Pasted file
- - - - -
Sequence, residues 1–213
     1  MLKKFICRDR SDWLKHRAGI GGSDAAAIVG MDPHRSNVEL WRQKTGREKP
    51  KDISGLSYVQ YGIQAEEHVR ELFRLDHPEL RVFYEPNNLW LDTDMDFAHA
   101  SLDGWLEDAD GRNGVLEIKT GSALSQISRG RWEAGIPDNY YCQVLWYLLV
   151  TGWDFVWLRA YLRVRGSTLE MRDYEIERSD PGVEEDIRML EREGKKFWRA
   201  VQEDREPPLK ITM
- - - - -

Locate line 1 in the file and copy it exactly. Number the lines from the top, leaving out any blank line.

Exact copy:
Sequence, residues 1–213